ErikB you're taking some of these examples out of context.

I don't seem to remember Jayne looting every single person he killed.  When they were leaving the hospital, did Jayne steal the wallets of the guards?  Because that's the issue many people have.  Jayne was shown doing that, because he was meant to be a complete ass.

Did John McClane keep every singly gun he found so he could sell them?  Maybe it was a deleted scene.  But he looted weapons so he would survive.

The problem is many RPG players have a Grass is Always greener or a "Phat" Lewt mentality.   Years of D&D (and many other RPG's) have enforced this, coupled with a ridiculous concept of economy by selling everything you find. 

This concept has been carried over to Video RPG's.  You need better gear as you go up. 

What I want is a game where, I pick up a different weapon because I happen to need it at the time. When I don't need it, I throw it away.  Beyond that I fall back to my trusty blaster pistol that I've had for years.  I've modified it extensively, I know it's weight, how I have to aim slightly to the left to get the perfect shot. 

There is a place for the quest for better stuff, but not when it comes to nickel and diming the hell out of everything.


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#16 Cyril

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Posted 18 October 2012 - 02:29 PM

That Blasted Samophlange said:

ErikB you're taking some of these examples out of context.

I don't seem to remember Jayne looting every single person he killed.  When they were leaving the hospital, did Jayne steal the wallets of the guards?  Because that's the issue many people have.  Jayne was shown doing that, because he was meant to be a complete ass.

Did John McClane keep every singly gun he found so he could sell them?  Maybe it was a deleted scene.  But he looted weapons so he would survive.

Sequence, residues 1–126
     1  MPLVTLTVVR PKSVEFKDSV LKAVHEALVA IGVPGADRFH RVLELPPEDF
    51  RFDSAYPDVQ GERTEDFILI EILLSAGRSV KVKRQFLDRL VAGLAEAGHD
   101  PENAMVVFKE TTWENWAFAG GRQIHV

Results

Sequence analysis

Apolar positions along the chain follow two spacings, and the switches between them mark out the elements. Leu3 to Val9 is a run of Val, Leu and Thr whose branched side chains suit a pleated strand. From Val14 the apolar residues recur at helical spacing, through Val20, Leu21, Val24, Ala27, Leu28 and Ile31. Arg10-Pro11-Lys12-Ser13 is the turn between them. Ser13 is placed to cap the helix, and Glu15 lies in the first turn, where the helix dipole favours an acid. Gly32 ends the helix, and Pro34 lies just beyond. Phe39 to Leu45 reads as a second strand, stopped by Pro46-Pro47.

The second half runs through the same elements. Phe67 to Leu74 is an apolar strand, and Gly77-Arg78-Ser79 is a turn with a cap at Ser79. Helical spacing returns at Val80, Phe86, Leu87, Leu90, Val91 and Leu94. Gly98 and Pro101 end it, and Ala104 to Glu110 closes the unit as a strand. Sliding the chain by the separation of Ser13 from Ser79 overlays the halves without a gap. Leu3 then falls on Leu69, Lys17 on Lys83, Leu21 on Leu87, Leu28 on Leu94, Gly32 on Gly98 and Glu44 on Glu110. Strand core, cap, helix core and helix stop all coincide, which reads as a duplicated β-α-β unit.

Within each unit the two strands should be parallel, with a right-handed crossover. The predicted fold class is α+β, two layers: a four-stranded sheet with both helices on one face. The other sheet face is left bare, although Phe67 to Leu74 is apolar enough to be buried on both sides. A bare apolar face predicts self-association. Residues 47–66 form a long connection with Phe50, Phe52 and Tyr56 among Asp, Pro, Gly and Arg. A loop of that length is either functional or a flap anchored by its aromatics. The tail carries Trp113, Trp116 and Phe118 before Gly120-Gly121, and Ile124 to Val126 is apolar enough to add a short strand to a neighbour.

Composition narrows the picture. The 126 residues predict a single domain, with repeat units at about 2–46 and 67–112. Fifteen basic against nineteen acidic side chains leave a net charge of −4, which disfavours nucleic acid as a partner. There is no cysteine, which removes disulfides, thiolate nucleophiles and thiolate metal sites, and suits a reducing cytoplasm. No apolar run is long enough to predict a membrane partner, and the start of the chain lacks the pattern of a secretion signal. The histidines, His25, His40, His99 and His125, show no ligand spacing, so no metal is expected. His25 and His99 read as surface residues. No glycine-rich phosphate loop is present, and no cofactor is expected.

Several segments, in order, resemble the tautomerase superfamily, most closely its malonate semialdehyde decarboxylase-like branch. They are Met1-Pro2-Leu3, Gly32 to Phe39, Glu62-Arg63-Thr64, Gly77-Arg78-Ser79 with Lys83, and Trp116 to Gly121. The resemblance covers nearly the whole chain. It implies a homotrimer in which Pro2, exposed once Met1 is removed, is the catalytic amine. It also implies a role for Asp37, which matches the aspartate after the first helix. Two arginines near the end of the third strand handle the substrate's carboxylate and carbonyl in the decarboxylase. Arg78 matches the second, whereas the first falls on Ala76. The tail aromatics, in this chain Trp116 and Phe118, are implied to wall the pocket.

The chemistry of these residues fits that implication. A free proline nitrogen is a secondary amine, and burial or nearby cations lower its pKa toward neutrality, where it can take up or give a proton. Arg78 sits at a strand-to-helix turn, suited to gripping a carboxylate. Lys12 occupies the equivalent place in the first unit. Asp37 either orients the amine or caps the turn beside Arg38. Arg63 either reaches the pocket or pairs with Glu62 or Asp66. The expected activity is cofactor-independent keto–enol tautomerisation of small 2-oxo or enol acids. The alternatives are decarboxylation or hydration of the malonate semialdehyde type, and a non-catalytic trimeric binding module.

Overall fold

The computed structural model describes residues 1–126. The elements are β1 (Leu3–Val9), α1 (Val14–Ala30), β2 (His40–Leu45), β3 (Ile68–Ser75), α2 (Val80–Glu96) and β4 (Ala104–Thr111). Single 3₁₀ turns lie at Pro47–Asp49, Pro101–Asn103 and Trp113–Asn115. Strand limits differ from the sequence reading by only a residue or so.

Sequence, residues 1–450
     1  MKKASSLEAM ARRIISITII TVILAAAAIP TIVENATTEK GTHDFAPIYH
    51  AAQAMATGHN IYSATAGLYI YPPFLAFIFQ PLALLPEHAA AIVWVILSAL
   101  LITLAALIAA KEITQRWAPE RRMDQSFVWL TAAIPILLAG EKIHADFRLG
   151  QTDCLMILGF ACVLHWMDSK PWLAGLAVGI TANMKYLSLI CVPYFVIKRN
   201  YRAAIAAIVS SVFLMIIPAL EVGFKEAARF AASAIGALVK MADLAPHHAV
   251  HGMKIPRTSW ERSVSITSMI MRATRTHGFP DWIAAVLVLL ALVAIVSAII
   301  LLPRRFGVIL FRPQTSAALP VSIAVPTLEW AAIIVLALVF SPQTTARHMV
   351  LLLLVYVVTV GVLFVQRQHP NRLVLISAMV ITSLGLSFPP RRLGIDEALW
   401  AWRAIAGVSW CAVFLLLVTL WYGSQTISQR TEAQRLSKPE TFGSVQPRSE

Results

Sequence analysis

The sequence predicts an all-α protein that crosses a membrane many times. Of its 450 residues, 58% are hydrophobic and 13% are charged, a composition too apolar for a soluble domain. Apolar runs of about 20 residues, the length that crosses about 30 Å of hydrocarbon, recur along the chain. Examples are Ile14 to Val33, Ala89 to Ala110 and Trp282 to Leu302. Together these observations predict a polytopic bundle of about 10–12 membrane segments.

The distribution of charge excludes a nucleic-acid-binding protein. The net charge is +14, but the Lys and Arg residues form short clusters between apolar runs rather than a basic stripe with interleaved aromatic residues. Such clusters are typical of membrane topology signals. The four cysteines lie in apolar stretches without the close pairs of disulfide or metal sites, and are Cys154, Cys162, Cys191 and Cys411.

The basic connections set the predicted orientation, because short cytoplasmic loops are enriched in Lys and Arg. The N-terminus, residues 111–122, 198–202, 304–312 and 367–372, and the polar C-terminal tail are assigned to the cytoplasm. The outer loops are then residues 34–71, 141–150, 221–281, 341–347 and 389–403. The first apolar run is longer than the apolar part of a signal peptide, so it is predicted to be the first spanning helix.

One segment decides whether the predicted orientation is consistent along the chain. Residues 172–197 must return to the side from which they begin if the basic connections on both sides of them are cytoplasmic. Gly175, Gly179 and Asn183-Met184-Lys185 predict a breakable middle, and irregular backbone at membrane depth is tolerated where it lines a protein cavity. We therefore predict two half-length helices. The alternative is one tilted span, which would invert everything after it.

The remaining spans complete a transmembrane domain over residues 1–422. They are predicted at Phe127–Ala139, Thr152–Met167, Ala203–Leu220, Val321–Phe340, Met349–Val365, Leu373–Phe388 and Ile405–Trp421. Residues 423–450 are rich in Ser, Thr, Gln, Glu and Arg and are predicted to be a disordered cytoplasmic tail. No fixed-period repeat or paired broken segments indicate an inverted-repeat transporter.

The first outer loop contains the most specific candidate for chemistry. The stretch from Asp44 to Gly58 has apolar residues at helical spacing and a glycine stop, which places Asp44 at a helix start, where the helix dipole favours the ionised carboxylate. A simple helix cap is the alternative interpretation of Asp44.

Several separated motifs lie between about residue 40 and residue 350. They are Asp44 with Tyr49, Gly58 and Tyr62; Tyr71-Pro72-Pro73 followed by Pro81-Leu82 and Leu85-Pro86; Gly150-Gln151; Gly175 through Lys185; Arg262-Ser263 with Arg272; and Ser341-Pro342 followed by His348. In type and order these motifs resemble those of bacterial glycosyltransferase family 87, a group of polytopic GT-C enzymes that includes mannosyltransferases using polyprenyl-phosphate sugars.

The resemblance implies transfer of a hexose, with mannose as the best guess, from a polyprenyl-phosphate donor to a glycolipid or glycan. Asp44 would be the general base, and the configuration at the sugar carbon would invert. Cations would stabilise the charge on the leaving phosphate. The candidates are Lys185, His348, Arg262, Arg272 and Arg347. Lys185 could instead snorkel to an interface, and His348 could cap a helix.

The problem is many RPG players have a Grass is Always greener or a "Phat" Lewt mentality.   Years of D&D (and many other RPG's) have enforced this, coupled with a ridiculous concept of economy by selling everything you find. 

This concept has been carried over to Video RPG's.  You need better gear as you go up. 

What I want is a game where, I pick up a different weapon because I happen to need it at the time. When I don't need it, I throw it away.  Beyond that I fall back to my trusty blaster pistol that I've had for years.  I've modified it extensively, I know it's weight, how I have to aim slightly to the left to get the perfect shot. 

There is a place for the quest for better stuff, but not when it comes to nickel and diming the hell out of everything.

Bingo.

There is the quest for better stuff, but unlike a game like DND where it's built into the expectation of the game and the very math that runs it, in Star Wars it's tied into the story of that character. I would argue that the Falcon was as much a part of Han's character as his heavily modified Blastech DL-44 heavy blaster pistol. It physically pained him to loan the ship to Lando to lead the assault on the second Death Star, and you could see it when he had trouble walking away and his line of "I feel like this is the last time I'll see her." (Or something close to that, the exact line escapes me at the moment.)

The quest for better stuff in Star Wars isn't that I need a +1 blaster pistol to damage things at this level, so I may as well sell this piece of junk starter pistol to help pay for it, and may as well grab and sell these blaster rifles from the Stormtroopers we just killed. I mean it's not like they're going to need them anymore. It's that "this ship is going to be a part of my life for many years to come. I need to take care of it and over time, it's going to become a better ship than the stock freighter it once was."



#17 ErikB

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Posted 18 October 2012 - 03:39 PM

That Blasted Samophlange said:

When they were leaving the hospital, did Jayne steal the wallets of the guards?

Possibly not, but he does take an Alliance dudes sonic stun gun thing (after strangling him), and then fails to blow a door open with it - prompting the line 'Xi niao (cow sucking) high-tech Alliance crap!' and trying to use the gun as a club to bash open a door.